Sunday, October 28, 2012

Great lesson for the mama mare

I am super proud of my mama mare and my Pippa filly today :) Classy Lady was super patient and wonderful about babysitting two friends of mine today. My friend's daughter LOVED getting ponied around on my big mare, and she didn't want to get off to let her dad ride or to even go home! Classy Lady was a doll for both of them. Pippa pony was a trooper today with the changes I made down at the barn. Poor baby lost her stall because I converted it into round roll storage, so she's getting moved to one of the new stalls. She took it all in stride, and she's just so darn smart! I love that baby :)

New Boarder!

We are welcoming Manolo and his mom on Tuesday! Manolo will be here for two months for reconditioning. We'll start off by lunging, adding hillwork, and working under saddle in the arena doing lower level dressage.

Busy Sunday :)

Having a decent day :) Space in barn converted and ready to receive our reserved round rolls finally! I met with a new short term boarder who is bringing her TB over for reconditioning for two months. Now a friend and his daughter are coming over to ride the mama mare and hang out a little with Mark and myself, and I'm going to end the day with a ride on the big, dark monster I think :) May or may not work the babies depending on how much daylight I have.

Wednesday, October 24, 2012

West Nile Virus Report: WNV Rears Its Ugly Head

By  CBS NEWS/ August 24, 2012, 4:14 PM

What's making the 2012 West Nile virus outbreak the worst ever?

(CBS News) The West Nile virus outbreak of the summer of 2012 is on track to be the worst ever in the United States. Health officials said earlier this week that there have been 1,118 reported cases of the disease reported in 38 states, including 41 deaths.
Forty-seven states have seen some sort of West Nile virus activity, be it in people, birds or mosquitoes; the only exceptions are Alaska, Hawaii and Vermont. Since the first time West Nile Virus was detected in 1999, there has never been as many reported cases through the third week in August.
Dr. Dr. Lyle Peterson, director of the division of vector-borne infectious diseases at the Centers for Disease Control, told reporters on Wednesday that the country is in the midst of "one of the largest West Nile outbreaks ever seen."
But why is that? Why are some areas, such as Dallas County in Texas, being hit especially hard? 
Texas accounts for about half of cases in the entire country. Dallas County alone has 270 cases of West Nile virus, with 11 deaths. Previously, from 2003 through 2011, Dallas County only saw 10 total West Nile deaths.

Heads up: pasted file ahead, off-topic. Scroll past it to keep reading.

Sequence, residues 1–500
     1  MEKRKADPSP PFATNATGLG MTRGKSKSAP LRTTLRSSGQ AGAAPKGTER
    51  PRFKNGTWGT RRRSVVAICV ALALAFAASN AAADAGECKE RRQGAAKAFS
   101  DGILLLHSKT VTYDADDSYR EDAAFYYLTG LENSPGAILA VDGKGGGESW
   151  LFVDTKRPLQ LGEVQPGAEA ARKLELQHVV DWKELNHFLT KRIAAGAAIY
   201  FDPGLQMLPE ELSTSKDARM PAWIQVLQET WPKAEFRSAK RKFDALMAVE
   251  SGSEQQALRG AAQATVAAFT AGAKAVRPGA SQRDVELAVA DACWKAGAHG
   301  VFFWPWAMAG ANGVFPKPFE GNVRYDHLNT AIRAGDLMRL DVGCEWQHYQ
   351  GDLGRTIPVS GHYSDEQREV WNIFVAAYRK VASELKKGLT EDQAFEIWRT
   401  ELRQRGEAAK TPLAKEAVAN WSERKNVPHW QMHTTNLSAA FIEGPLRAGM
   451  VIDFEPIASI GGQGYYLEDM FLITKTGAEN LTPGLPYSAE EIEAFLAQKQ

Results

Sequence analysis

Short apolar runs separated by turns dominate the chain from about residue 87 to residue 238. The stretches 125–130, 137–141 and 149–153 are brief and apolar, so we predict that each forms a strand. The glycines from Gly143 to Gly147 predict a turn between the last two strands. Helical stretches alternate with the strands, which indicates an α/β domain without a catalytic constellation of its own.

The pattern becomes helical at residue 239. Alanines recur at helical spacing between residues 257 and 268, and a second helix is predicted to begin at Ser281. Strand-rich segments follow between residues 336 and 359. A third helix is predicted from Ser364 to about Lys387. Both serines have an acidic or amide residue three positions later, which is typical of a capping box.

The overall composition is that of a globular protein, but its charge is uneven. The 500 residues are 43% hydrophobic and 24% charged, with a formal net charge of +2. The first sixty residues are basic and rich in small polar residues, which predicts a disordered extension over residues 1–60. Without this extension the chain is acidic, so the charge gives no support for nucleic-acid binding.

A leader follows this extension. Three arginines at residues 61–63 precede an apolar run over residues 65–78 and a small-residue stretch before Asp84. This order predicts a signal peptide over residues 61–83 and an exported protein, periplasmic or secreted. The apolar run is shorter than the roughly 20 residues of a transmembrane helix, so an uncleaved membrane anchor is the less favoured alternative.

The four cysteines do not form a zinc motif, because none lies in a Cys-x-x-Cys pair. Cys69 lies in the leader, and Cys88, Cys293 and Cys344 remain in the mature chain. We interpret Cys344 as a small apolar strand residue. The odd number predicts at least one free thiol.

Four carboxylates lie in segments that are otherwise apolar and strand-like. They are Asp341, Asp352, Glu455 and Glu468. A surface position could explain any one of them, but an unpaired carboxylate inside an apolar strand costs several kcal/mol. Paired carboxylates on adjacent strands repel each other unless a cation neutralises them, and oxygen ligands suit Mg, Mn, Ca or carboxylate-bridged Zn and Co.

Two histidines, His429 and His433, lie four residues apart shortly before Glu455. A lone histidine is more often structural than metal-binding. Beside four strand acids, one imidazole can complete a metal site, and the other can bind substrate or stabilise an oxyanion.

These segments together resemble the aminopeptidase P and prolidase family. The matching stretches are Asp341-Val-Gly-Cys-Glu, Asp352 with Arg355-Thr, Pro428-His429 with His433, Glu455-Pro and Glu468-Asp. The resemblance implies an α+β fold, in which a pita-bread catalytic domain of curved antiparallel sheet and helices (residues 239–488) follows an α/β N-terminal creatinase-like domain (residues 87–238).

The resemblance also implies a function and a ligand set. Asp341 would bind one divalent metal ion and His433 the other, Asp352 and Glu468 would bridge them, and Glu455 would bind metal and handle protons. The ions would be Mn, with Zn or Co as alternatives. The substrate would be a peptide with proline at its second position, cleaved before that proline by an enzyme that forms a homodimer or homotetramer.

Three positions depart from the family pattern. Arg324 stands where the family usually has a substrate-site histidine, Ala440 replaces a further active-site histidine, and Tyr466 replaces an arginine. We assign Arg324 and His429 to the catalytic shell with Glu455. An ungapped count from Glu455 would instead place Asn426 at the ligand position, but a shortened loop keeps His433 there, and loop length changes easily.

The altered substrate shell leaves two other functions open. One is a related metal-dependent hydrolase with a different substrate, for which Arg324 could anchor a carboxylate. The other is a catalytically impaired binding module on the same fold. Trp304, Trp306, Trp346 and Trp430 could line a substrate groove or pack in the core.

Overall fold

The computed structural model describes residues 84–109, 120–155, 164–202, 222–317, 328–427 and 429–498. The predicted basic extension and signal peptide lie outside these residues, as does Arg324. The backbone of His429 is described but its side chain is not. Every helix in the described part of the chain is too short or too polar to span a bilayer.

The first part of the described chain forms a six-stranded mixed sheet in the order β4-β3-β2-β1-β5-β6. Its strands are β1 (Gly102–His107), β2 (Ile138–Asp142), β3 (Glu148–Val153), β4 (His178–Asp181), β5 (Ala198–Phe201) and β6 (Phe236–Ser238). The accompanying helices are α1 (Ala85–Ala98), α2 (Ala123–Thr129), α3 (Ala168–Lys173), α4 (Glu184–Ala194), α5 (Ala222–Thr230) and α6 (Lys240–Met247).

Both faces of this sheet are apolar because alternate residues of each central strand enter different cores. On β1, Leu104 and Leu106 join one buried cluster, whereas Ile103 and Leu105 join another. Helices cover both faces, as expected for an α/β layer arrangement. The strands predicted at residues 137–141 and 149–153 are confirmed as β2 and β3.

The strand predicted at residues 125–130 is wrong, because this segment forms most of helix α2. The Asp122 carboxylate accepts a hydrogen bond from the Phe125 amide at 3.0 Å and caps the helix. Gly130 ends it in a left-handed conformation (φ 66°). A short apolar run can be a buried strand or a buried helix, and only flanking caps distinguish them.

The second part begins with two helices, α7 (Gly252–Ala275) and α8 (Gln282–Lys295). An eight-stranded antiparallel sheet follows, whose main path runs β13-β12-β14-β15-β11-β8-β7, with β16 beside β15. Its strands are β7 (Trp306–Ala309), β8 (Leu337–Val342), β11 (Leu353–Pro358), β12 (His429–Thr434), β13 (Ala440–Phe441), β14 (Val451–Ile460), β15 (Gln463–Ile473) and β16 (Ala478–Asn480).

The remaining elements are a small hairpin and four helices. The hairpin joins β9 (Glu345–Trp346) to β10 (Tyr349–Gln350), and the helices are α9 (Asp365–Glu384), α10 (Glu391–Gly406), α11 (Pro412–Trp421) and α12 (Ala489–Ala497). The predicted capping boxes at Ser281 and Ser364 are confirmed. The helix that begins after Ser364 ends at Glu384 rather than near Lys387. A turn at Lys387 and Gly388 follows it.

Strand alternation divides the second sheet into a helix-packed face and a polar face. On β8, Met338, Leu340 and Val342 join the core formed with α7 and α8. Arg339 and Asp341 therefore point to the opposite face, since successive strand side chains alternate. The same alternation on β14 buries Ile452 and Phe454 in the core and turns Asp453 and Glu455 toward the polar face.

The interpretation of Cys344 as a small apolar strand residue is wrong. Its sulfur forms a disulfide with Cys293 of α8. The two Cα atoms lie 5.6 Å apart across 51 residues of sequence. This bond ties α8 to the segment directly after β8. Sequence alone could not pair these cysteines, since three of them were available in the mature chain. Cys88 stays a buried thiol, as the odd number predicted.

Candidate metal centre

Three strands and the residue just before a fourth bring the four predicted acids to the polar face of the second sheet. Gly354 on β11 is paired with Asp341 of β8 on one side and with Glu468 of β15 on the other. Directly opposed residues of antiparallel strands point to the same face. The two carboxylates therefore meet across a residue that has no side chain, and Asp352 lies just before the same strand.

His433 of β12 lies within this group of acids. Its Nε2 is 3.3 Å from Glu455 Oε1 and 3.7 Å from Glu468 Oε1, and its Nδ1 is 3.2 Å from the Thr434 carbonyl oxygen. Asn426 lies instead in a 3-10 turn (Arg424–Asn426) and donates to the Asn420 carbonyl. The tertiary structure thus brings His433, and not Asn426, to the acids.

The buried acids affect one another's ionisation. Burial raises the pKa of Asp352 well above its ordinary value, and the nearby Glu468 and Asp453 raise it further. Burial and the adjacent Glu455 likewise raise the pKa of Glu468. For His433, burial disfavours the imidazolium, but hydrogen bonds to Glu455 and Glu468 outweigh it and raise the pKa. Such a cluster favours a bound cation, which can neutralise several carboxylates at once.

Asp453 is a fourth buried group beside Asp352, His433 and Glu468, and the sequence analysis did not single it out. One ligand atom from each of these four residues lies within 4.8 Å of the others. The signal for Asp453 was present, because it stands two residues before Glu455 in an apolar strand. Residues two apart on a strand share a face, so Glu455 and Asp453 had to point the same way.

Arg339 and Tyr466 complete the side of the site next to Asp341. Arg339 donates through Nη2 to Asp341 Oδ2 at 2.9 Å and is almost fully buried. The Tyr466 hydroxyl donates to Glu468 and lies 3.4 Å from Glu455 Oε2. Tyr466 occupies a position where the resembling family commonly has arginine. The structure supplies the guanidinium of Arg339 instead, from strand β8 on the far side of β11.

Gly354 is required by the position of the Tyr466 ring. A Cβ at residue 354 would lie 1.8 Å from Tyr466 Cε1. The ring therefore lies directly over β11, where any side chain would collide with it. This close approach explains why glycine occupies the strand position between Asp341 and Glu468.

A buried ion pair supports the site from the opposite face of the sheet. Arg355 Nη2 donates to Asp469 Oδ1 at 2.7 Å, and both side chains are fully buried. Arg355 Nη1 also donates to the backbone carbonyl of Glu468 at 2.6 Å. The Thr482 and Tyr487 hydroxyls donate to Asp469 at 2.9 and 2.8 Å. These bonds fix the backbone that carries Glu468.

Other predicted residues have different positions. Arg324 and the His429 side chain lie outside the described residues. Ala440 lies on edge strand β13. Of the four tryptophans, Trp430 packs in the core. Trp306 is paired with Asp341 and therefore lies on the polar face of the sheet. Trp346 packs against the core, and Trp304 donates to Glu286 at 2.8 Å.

"We don't really know why it's worse this year than in previous years" Peterson said Wednesday. However he noted that the unseasonably hot weather from the mild winter and early spring and summer may play a role.
Three experts interviewed by HealthPop agree that this year's weather is likely a driving force in the current outbreak.
Dr. David J. Dausey, chair of the public health department at Mercyhurst University in Erie, Pa. and director of the Mercyhurst Institute for Public Health, said higher temperatures and fluctuations between rainfall and drought provide ideal conditions that have biological impact on mosquitoes, thereby increasing the chances of a West Nile outbreak.
He contends that the mild winter the country experienced, followed by the early spring, extended the mosquito season past when they typically would have died in the winter. That allowed mosquitoes to repopulate themselves quickly come spring. Also, for a spring and summer that's seen high temperatures and drought across the country, the warm weather speeds up the life-cycle of the mosquito, allowing them to reach a biting age quicker, Dausey said.
High temperatures also speed up the multiplication of West Nile virus within a mosquito, said Dausey, and humidity actually stimulates them to bite. At the same time, high temperatures are driving birds into populated, urban areas in search of water, with the mosquitoes following them closely behind. All these conditions, he said, may be contributing to the 2012 West Nile virus outbreak.
"For us to sit around and say it's not weather, is I think, foolish."
But why is Texas experiencing such an influx in cases?
"Well in Texas, the severity of the drought was probably greater than anywhere else in the United States," said Dr. B. Graeme Lockaby, associate dean of research and professor at the School of Forestry & Wildlife Sciences at Auburn University in Alabama. His team just received a $240,000 grant to study the link between poor water quality and increases in the mosquito populations responsible for West Nile Virus, known as the Culex mosquito. He hopes the research will lead to improvements in risk prediction models for a West Nile outbreak.